Industry Says Regulations Put CMBS at Disadvantage
A preliminary step forward towards possible changes to real estate mortgage investment conduit provisions has been made, with some industry groups responding to the Internal Revenue Service's request for input on what possible amendments could be made to REMIC regulations.
The REMIC provisions have put the commercial mortgage-backed securities industry at a disadvantage, compared to other commercial mortgage funding sources, since they impede the flexibility of CMBS servicers and lenders to heed borrower requests to modify loans after they are closed. This lack of post-closing flexibility has been a sore point for borrowers on CMBS loans. And servicers of securitized loans are also bound by the real estate mortgage investment conduit provisions in terms of what sorts of activity can be undertaken without jeopardizing REMIC status. If the loans are significantly modified, they may be treated as newly originated.
The Mortgage Bankers Association and a number of other commercial real estate-related trade groups have responded to the IRS call for comment on this subject. Their comment letter states that the current REMIC regulations were adopted back in 1992, 15 years ago, and don't address situations that arise currently in terms of securitized commercial mortgage loans. Also the REMIC format was originally set up with residential mortgages in mind, whereas commercial mortgages oftentimes require more active management.
With the current REMIC framework, only four specific types of amendments to a securitized loan can be made without a REMIC losing its status, according to the groups. They are urging the IRS to "amend the REMIC regulations to include additional types of permitted loan modifications that are responsive to situations that now arise regularly in the context of commercial loans."
The groups are looking for six additional modifications to be permitted to a securitized loan. These are additional flexibility in terms of changes in loan collateral, changes in the time a loan can be prepaid, changes in the recourse/non-recourse nature of a loan, changes in the loan obligors, changes pertaining to prepayment penalties and changes relating to the payment schedule on the loan principal.
"The proposed modifications do not implicate corporate activities in originating loans. That is, because the proposed modifications do not include an increase in the principal balance of a mortgage loan, extension of loan maturity, or a change in interest rate, they should not cause a REMIC to be seen as engaging in mortgage loan refinancing or origination activity," according to the letter.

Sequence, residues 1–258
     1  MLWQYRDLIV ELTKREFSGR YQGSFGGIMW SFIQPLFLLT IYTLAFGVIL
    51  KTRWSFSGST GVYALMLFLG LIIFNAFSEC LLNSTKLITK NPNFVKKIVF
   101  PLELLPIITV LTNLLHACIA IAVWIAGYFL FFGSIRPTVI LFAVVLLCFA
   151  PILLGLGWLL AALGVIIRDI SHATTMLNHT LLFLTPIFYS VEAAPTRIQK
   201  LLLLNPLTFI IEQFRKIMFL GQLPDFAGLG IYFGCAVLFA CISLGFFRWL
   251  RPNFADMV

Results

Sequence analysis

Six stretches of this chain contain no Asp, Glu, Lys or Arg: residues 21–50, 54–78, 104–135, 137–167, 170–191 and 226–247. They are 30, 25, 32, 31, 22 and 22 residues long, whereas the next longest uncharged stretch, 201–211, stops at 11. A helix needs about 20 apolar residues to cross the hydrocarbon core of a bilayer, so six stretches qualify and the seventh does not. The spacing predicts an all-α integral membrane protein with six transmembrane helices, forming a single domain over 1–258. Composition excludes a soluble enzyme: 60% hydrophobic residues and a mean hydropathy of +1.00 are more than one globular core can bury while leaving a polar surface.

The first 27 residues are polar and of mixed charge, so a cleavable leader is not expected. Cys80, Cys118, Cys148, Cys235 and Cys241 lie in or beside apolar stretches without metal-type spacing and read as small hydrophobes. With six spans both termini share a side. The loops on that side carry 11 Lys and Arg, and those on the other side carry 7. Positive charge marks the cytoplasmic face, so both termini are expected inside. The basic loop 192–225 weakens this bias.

Currently, it is considered all right for modifications to be made to securitized mortgage loans without incurring any REMIC penalty under four exceptions. One exception allows for changes in case of a default of a "reasonably foreseeable default." And a "change in obligor" is allowed without considering it a significant modification. One more exception relates to a "waiver of a due-on-sale-clause or a due-on-encumbrance clause." Also, conversion of a mortgage interest rate as might occur with a floating-rate mortgage is not considered a material change. Other than in these defined situations, borrowers on securitized loans today need to get an attorney's opinion about materiality.
Separately, in another development that servicers need to watch, there is also some deliberation going on by the Financial Accounting Standards Board about what sort of activities can be undertaken by a servicer of loans that have been securitized without the securitization vehicle losing qualified special purpose entity status. QSPE status is necessary for transfer of loans in a securitization situation to qualify as a true sale. If QSPE status is denied, a number of lenders and servicers might end up having to consolidate securitized mortgage loans on their books and this would have the effect of rendering commercial mortgage securitizations uneconomical. (c) 2007 Mortgage Servicing News and SourceMedia, Inc. All Rights Reserved. http://www.mortgageservicingnews.com http://www.sourcemedia.com